Violence, Power, and Goals in the Hebrew Bible and The Iliad Essay

Violence, Power, and Goals in the Hebrew Bible and The Iliad Essay

Length: 1349 words (3.9 double-spaced pages)

Rating: Better Essays

Open Document

Essay Preview

Violence is a means to an end. Violence is not something most humans resort to for enjoyment. Violence is, however, the right thing to be done in certain situations. With violence, comes great power. Power and violence walk together, hand in hand. When violence is exhibited, the power of the individual is shown to those around him. In both the Hebrew Bible and The Iliad, violence is depicted as a mode to reach goals. The reason for this is that violence allows an individual or a deity to flaunt their powers, while they simultaneously achieve their personal and communal ambitions.
Just like how mortals have their own goals, deities also have an agenda. God, in the Hebrew Bible, has only two goals: to have humans obey Him blindly and to punish them if they disobey Him. In order to execute both of His plans, God uses violence. In Exodus 32, the Israelites who escaped Egypt insulted God by "making themselves a molten calf and bowing low to it and sacrificing to it" (Exodus 32:8), as well as claiming the calf to be the one who brought them out of Egypt (Exodus 32:4). By worshipping the idol of the calf, the Israelites had turned away from God. Because the Israelites disobeyed God, He ended up pursuing his other goal, to punish the people who disobeyed Him. Because of the Israelites' foolish act, God chose to inflict pain on them: "then the Lord sent a plague upon the people, for what they did with the calf that Aaron made" (Exodus 32:35). Since God never once appeared in front of humans as a man, the only way for the Israelites to experience God's anger and disappointment, and ultimately the power he yields, is through His physical punishment: the plague. Also, vice versa, the plague was the physical representation God needed in orde...


... middle of paper ...


...t all the Trojan men will be fighting for their beloved Troy, too keep her from tumbling. The Trojans had no choice except to fight. They had to use violence to achieve the goal of the people. They must use all the power in their mights to defend their only home. If they don't they will exhibit a weakness, in which the Greeks will then take for granted. Violence, once again, is a necessity in reaching a common goal of a city that is under attack.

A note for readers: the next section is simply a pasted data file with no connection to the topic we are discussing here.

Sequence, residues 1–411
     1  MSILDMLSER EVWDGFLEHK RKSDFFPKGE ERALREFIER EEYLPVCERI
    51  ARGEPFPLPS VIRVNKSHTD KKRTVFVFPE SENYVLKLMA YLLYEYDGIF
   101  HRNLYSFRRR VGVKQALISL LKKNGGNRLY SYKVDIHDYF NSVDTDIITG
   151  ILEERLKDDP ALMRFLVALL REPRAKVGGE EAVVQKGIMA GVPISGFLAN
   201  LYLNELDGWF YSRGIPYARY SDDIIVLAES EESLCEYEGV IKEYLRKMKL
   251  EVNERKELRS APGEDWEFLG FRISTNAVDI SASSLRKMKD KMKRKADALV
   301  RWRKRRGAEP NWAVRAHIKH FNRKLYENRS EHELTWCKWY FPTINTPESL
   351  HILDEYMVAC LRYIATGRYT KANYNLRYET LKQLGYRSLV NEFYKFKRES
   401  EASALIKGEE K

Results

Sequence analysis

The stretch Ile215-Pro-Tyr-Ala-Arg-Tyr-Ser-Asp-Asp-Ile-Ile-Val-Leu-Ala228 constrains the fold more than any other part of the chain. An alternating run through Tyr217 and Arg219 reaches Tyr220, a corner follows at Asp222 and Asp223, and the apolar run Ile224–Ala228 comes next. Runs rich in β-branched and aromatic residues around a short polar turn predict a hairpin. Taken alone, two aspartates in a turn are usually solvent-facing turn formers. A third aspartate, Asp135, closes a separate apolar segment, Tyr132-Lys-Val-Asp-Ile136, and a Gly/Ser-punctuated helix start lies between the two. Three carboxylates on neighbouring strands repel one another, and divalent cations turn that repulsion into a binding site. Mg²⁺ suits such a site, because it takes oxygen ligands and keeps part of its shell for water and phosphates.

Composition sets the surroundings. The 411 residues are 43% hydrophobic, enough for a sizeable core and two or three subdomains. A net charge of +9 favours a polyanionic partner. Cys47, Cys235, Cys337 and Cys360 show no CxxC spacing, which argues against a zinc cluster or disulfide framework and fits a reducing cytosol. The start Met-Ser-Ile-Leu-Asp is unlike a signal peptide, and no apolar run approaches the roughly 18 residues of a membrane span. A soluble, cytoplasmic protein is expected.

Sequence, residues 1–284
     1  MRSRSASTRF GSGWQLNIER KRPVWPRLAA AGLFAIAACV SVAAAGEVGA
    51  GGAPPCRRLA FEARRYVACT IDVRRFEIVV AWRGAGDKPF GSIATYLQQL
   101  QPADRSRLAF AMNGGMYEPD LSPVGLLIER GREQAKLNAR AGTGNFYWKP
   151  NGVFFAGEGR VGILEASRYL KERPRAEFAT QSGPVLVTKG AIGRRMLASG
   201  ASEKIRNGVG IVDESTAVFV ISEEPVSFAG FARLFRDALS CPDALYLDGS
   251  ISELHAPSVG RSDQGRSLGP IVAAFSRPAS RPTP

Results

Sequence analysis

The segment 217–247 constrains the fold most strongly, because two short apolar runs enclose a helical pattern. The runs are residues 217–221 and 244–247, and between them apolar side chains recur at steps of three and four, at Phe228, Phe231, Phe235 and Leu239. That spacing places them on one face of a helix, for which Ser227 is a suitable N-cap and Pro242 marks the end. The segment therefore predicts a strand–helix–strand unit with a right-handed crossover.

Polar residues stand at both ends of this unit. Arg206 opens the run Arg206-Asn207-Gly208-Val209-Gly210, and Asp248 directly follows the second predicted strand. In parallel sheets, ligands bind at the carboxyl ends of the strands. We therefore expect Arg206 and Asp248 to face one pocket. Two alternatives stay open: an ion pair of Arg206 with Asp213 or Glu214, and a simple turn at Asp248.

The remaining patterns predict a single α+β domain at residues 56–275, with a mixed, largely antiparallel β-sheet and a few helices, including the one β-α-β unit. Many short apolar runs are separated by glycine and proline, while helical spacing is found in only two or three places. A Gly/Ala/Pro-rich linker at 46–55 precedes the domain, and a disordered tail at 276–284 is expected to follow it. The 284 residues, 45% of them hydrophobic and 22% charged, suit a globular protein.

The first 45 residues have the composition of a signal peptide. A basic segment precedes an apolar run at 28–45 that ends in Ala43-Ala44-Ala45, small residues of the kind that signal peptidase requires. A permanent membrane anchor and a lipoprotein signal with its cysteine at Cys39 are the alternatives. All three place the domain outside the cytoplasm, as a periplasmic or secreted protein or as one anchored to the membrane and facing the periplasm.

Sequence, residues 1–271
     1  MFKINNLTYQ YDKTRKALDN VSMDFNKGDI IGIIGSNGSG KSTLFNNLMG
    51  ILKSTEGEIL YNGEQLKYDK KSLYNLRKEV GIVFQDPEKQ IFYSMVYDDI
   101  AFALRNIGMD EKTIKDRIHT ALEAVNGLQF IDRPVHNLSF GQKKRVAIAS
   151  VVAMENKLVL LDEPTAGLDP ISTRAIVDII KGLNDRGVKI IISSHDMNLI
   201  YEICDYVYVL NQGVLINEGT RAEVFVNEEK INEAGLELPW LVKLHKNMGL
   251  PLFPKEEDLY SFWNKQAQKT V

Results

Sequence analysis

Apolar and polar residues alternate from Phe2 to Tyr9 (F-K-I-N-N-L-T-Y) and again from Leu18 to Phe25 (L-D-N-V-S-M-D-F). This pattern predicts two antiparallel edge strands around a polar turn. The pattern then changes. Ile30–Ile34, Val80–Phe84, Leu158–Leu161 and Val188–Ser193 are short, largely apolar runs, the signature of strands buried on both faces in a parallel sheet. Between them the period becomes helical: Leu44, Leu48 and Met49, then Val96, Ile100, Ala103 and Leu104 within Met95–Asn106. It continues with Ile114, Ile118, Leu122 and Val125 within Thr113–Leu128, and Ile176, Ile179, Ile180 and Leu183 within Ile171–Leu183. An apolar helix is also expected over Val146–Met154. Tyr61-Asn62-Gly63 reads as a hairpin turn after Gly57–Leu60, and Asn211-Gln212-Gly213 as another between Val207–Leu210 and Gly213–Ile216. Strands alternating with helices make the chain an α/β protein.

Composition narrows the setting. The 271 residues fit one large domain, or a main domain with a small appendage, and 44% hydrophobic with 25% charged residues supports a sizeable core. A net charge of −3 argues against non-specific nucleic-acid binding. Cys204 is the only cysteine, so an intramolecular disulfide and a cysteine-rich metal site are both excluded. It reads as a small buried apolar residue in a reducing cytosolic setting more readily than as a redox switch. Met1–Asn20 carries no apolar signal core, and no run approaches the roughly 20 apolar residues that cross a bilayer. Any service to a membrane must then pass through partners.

Violence, although at times is morally wrong, is sometimes the best way to solve a problem, to reach a goal. Because violence is an exhibition of a man's powers, violence allow an individual to show his might and his prowess. Therefore, both violence and power are attributed to an individual's or society's ability to achieve what they yearn to accomplish.


Works Cited

Homer's Iliad, translated by Robert Fagles
The Tanakh

Need Writing Help?

Get feedback on grammar, clarity, concision and logic instantly.

Check your paper »

Essay on Women in Iliad, Odyssey, and the Bible

- Role of Women in Iliad, Odyssey, and the Bible Much is known of men in ancient civilizations, from the famous philosophers and mathematicians of Greece to the patriarchs and subsequent kings of the nation of Israel. It would seem, however, that history has forgotten the women of these times. What of the famous female thinkers of Ancient Greece, the distinguished stateswomen of Rome. What power did they hold. What was their position in societies of the distant past. A glimpse into the roles and influence of women in antiquity can be discovered in such ancient masterpieces as the Iliad, the Odyssey, and the Hebrew Bible....   [tags: comparison compare contrast essays]